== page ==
Is Wrestling for the Military Right for You?

There are many opportunities opening up for women in the sport of wrestling. One you may not have been aware of is wrestling for the military. Female wrestlers have been competing for the military in the World Class Athlete Program (WCAP) since 2001. The first woman to do so, was World Champion Iris Smith. From 200-2012, there has been a WCAP athlete on every Olympic team. Needless to say, the Army creates results. Jenna Burkert, who trains with the WCAP team at Fort Carson Army Base in Colorado Springs, Co, is one of the athletes who has taken advantage of this opportunity.

By Jenna Burkert

Making the best decision for me

I joined the military because I wasn’t happy about my training or my financial situation while I competed as a resident athlete at the Olympic Training Center. I knew about WCAP because of Iris Smith who was a world champ in 2005, and was still competing for the team. The Army program has developed women world medalist and many world team members, so their success was validated. In 2015 I decided to join the Army National Guard because it had a delayed entry. I shipped out to basic training May of 2016. This meant I could leave for basic training after the 2016 Olympic Year. I graduated my basic and AIT in October of 2016. I am a past a past world team member and am top three in the nation in my weight class, so I was immediately approved to be a part of the Army World Class Athlete program.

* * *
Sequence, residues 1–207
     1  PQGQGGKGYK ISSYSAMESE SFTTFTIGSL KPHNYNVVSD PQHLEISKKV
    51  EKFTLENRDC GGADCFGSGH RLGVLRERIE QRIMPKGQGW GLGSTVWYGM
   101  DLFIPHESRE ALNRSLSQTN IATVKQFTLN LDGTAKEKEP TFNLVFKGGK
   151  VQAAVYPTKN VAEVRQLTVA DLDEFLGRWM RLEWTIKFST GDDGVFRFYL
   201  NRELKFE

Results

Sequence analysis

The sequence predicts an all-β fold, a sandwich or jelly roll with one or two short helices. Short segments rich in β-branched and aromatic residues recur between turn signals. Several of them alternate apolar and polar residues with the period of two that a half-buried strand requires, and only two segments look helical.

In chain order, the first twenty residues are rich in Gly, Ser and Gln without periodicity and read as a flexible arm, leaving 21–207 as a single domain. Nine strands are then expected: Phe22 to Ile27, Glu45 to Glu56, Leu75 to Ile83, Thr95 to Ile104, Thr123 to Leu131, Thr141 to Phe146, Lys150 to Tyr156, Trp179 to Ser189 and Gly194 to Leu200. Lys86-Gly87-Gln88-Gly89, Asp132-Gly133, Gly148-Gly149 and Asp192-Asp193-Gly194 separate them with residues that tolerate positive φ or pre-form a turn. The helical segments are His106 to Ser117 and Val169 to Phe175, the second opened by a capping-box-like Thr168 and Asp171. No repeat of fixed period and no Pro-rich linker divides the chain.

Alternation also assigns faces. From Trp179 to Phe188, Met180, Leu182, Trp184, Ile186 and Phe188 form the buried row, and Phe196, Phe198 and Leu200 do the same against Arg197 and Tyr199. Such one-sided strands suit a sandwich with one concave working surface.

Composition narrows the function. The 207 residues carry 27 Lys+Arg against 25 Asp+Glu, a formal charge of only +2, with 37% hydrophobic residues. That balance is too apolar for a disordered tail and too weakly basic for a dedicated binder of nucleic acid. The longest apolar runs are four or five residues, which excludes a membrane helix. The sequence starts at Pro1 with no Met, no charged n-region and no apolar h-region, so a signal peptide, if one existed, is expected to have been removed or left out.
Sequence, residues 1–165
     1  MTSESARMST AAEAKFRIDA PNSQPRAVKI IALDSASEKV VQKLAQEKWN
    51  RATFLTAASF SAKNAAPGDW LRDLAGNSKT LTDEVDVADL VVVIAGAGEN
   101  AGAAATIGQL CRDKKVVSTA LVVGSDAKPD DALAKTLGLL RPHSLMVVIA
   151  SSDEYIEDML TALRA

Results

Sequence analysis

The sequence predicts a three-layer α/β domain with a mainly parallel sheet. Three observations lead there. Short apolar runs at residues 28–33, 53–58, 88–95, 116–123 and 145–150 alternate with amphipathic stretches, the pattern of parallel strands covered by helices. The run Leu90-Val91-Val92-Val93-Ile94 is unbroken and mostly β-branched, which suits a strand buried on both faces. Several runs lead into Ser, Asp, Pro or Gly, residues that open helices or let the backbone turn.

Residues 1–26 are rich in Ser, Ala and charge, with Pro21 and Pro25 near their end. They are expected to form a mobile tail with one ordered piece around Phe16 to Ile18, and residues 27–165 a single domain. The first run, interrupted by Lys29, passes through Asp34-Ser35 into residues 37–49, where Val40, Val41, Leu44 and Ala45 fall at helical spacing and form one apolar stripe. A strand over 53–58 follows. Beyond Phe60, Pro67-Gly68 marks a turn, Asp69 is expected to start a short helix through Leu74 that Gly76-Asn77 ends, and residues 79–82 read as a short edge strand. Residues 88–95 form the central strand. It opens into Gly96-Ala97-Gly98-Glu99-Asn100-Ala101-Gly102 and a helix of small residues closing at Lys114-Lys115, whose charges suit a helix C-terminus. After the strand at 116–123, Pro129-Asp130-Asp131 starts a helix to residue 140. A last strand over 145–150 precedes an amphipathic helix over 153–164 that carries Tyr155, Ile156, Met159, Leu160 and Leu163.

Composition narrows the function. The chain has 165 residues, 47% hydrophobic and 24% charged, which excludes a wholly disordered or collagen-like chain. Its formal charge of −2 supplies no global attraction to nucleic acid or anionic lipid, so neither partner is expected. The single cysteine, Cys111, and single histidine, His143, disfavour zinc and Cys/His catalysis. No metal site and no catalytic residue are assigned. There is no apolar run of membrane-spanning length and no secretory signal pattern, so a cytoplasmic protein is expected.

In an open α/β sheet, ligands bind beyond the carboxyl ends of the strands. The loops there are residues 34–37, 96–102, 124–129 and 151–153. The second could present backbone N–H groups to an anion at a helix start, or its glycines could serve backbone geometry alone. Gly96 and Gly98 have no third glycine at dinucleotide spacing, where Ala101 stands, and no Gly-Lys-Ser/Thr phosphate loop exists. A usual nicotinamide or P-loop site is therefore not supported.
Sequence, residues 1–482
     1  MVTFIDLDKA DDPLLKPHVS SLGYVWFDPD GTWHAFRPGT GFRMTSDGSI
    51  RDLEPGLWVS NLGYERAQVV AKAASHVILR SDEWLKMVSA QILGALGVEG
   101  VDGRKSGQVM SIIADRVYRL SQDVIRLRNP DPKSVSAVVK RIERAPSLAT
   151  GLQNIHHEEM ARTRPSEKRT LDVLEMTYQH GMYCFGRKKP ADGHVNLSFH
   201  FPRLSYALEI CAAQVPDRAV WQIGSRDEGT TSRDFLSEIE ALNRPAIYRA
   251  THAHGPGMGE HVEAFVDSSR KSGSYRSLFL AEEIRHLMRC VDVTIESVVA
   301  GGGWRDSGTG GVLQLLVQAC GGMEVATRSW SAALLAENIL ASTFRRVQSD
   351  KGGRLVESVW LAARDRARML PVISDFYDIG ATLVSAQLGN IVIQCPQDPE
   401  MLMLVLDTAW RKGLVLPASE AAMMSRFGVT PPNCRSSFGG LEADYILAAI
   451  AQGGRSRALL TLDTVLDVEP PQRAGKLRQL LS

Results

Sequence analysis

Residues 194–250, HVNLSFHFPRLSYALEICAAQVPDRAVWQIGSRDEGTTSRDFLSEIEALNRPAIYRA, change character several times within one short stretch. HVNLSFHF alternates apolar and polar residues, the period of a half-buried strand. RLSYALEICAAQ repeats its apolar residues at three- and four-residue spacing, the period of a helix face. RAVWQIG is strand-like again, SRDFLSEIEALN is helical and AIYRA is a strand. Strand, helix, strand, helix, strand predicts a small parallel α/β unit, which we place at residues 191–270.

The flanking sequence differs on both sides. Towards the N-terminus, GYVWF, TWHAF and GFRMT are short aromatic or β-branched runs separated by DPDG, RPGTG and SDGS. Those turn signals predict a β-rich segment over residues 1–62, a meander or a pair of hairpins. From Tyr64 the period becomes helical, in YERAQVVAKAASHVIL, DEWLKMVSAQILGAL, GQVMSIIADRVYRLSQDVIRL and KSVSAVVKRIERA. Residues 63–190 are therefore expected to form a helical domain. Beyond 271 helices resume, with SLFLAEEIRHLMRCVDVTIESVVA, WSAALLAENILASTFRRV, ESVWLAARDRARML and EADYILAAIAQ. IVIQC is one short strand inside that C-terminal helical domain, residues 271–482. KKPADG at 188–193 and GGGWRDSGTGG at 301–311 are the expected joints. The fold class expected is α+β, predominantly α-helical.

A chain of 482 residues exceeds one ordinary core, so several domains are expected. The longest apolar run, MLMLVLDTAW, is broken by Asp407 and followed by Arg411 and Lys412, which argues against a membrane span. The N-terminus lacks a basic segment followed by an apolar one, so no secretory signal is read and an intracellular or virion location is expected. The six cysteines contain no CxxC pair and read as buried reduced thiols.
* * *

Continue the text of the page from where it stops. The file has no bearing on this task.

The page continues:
What is required

I can’t speak on behalf of the other branches of the military, but do your research to find what’s available. For the women, the army team is the most developed program. Within WCAP, there's criteria to get into the program. Typically the requirement is top three at the cadet, junior, or senior age levels, or if you have a world medal. This would allow you to join the Army Active Duty or National Guard and get on WCAP orders.

From there, the opportunities are huge. I get paid to do what I love, I get health insurance, my school is paid for, they even pay for my housing. All while wrestling, I am still a soldier, I still go to my military schools, I still learn how to do my military job (92Y-Unit Supply Specialist)

If you don’t meet that criteria yet, there's still a way you can join and develop. You can join the National Guard/ or Active Duty, and request from your unit to attend the All Army wrestling Team, which begins early January. The next step would be to get approved. Once you are here you would have to meet certain criteria so that you could stay longer. The orders usually keeps you at wcap at least until Us Open(Jan-April), then depending on if you qualify there, they would keep you until WTT(May/June).

How do you know if you are right for the military?

The Army is a great opportunity to further your wrestling, and to have the privilege of becoming a United States Soldier. They say some people aren’t meant for the military lifestyle, I just think it is all about your mindset. That’s why wrestlers thrive in all the military branches. For me, I believe in structure, loyalty, selfless service, so I adjusted extremely well in the military.

Greatest achievement